This is one sport where public outcry reaches important ears.
After promising a title shot to the winner of Saturday night’s Brandon Vera/Mauricio Rua bout on a media call, Dana White has had a change of heart. The news of Rua or Vera getting another crack at Jon Jones hit like a thud. As such, UFC on FOX 4 becomes a four-man affair, as Lyoto Machida and Ryan Bader have been added to this penultimate drama. Whoever wins in the most devastating fashion gets the winner of Jones and Dan Henderson.
The fans have spoken. Bigger possibility now comes into play on Saturday night. With bigger possibility, bigger drama.
But this is one of those cases where you wonder if the outcry was fully understood. Back at UFC 103, when the UFC announced a main event rematch between Rich Franklin and Henderson, the “why bother” undertow was so strong that it was immediately shut down. You remember what happened next. Henderson hit a contract snag and defected to Strikeforce, and Franklin got knocked out by Vitor Belfort instead.
It all panned out OK for everybody.
It will pan out OK this time, too; but right now, it’s confusing. It’s White’s prerogative to switch gears as he sees fit, and he’s not afraid to do just that, especially if it calms down outraged fans. Tim Sylvia was pretty close to fighting Daniel Cormier before the roof collapsed in on him. Enter Frank Mir, and everybody breathed a sigh of relief. Mir having no chance is far better than Sylvia having no chance.
Why? Essentially because Mir deserves to be there more. These are the types of alignments we make through initial gut reactions.
But that was last week. This week, whimsy is shaking down the light heavyweight division. The thing is, a lot of people’s fates are attached to the whims. There are the four guys in question, but also Alexander Gustafsson, and even Glover Teixeira, who are hovering around. Not to mention all the out of division foes Jones’ name gets linked to. Are we sorting out merit, or convenience? It’s always a fine line.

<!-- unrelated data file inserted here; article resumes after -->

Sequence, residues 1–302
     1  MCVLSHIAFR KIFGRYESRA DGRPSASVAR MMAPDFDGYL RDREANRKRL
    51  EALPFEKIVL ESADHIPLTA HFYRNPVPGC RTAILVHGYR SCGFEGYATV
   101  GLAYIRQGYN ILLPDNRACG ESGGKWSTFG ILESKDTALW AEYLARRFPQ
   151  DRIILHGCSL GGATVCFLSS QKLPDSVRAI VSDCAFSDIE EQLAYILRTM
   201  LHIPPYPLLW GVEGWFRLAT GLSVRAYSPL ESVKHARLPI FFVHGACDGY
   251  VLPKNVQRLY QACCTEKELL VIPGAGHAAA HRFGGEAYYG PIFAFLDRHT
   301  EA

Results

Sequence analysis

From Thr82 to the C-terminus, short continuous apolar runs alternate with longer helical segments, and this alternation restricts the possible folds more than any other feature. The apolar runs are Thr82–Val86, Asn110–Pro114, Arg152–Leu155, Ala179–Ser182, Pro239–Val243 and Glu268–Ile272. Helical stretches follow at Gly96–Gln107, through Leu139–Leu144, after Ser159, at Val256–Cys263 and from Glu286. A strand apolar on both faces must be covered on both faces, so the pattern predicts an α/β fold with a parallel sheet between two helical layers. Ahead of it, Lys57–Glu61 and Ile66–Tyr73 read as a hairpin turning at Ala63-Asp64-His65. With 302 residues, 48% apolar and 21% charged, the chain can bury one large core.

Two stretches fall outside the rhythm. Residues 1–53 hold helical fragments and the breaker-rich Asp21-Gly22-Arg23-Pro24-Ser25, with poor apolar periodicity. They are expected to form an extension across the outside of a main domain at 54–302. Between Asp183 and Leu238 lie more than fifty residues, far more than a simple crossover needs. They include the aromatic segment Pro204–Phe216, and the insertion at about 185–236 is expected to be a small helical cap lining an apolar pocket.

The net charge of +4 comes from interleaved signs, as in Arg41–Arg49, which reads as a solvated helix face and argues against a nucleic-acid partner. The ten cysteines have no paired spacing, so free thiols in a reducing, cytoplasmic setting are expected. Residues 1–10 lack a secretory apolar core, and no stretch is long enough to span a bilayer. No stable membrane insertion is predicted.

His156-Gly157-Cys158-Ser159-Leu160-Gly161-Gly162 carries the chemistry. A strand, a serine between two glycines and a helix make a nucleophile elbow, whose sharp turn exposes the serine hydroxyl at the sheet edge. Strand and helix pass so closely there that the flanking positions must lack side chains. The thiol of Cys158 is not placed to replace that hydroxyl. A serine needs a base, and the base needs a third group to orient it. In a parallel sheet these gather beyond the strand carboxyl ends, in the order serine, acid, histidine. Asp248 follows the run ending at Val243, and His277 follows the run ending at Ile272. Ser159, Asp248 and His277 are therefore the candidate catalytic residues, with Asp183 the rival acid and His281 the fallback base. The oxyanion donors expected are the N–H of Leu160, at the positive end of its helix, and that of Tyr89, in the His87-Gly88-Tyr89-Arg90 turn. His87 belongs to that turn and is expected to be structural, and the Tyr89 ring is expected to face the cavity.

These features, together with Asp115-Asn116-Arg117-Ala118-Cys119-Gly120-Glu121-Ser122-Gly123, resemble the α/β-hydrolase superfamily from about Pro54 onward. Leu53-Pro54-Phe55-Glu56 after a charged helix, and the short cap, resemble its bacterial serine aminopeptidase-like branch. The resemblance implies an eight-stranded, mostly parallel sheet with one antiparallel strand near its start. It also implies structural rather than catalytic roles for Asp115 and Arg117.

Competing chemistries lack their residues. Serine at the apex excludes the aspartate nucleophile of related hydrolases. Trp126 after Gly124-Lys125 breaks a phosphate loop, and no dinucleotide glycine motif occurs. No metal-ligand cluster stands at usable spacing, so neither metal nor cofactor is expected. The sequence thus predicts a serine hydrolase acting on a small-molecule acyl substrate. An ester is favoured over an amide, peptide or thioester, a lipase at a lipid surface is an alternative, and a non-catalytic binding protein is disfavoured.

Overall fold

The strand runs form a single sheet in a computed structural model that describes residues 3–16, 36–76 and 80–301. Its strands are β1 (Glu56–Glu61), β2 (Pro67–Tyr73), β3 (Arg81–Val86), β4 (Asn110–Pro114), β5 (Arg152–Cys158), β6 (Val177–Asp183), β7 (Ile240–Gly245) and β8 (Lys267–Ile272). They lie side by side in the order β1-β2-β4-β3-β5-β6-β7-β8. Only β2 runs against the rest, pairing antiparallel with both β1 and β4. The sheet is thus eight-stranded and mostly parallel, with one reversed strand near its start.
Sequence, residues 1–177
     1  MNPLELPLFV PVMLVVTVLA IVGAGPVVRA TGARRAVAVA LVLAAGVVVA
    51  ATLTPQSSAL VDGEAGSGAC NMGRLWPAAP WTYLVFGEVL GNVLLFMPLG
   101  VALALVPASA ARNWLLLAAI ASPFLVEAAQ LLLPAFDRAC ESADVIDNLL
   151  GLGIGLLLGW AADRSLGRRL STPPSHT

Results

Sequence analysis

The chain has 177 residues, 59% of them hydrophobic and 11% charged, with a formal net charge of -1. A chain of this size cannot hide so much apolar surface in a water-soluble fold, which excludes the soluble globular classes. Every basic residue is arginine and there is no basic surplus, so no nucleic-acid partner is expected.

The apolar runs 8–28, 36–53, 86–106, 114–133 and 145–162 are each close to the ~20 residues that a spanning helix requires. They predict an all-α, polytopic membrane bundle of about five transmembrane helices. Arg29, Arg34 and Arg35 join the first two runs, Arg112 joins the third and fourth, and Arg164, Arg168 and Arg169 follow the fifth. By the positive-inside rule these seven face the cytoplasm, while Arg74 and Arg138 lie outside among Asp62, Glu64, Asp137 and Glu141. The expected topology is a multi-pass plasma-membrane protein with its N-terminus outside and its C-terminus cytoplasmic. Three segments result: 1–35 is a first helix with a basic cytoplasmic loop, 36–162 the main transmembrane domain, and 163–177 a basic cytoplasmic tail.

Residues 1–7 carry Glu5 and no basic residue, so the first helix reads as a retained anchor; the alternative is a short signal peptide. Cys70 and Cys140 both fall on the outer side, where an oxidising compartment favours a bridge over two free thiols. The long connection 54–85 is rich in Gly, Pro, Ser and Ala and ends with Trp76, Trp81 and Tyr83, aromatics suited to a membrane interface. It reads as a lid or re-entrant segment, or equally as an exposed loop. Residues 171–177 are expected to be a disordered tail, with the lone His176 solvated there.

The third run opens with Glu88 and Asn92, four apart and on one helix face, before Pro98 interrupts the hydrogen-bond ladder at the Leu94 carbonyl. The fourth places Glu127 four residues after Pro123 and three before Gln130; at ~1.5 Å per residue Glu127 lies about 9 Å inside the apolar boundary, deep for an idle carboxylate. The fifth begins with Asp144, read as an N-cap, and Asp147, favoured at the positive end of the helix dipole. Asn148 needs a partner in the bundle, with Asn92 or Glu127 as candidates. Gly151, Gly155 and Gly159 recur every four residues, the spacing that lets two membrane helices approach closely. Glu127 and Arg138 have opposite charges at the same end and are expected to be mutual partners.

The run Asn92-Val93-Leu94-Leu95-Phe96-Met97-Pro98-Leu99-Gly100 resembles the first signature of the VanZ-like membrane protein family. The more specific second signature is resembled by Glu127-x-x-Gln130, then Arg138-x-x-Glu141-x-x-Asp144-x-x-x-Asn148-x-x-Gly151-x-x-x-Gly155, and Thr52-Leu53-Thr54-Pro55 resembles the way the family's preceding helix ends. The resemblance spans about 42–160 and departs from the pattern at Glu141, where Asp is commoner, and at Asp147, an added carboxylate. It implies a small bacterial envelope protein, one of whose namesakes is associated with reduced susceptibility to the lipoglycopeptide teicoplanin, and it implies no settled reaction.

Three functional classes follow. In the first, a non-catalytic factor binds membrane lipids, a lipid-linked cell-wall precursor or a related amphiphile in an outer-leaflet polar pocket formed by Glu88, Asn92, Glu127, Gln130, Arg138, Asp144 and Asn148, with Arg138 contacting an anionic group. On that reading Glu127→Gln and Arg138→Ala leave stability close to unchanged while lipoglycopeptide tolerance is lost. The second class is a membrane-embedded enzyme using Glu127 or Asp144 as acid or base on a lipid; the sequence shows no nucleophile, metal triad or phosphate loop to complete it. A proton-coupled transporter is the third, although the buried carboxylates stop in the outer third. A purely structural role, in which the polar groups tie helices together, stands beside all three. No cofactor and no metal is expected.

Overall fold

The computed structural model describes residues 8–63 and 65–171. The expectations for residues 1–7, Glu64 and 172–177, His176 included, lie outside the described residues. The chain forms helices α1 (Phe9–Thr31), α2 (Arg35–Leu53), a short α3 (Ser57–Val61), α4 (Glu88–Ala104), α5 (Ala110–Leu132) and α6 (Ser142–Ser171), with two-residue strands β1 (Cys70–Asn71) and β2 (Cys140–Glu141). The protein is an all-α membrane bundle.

I wrote a blog yesterday after it was announced that the Rua/Vera winner would get a title shot, which is down the scroll just below. The gist is, if Jones beats Henderson, neither Rua nor (especially) Vera makes for a compelling rematch. Unfortunately, that problem still exists with the introduction of Bader and Machida. Jones has distanced himself from all of Saturday night’s company. He defeated both Bader and Machida so thoroughly the first time -- the same as with Rua and Vera -- that the drama of a playback just isn’t there.
However, small-view drama that can sort itself out on Saturday night is. And this seems to be what we’re keying in on.
The problem is, we don’t know if Jones will win on Sept. 1. Most only suspect he’ll beat the 41-year old Henderson. Since the promises are being made ahead of the order, it’s difficult to say if any of this makes sense. If Henderson upsets Jones, any of the UFC on FOX guys look like a solid matchup. Since that fight comes a month after this impromptu contender’s tournament, though, we go off of potential disappointments.
And the potential disappointment in this case is that one of these four guys will end up facing Jones in a fight that won’t be altogether riveting, just as Jones enters the most riveting juncture of his career.
White changes his mind quite a bit. Oftentimes it’s because the fans voiced their opinion and, as he’s proved to be many times, he’s a man of the people. By opening up Machida and Bader to the mix, he’s done that again. Now there’s a showcase vibe for Saturday night, and there’s every incentive for each fighter to come out with guns blazing to put the other away.
Whoever does it gets the title shot, whether it makes sense or not. That is, unless, you know, White changes his mind -- which has every chance of being the case.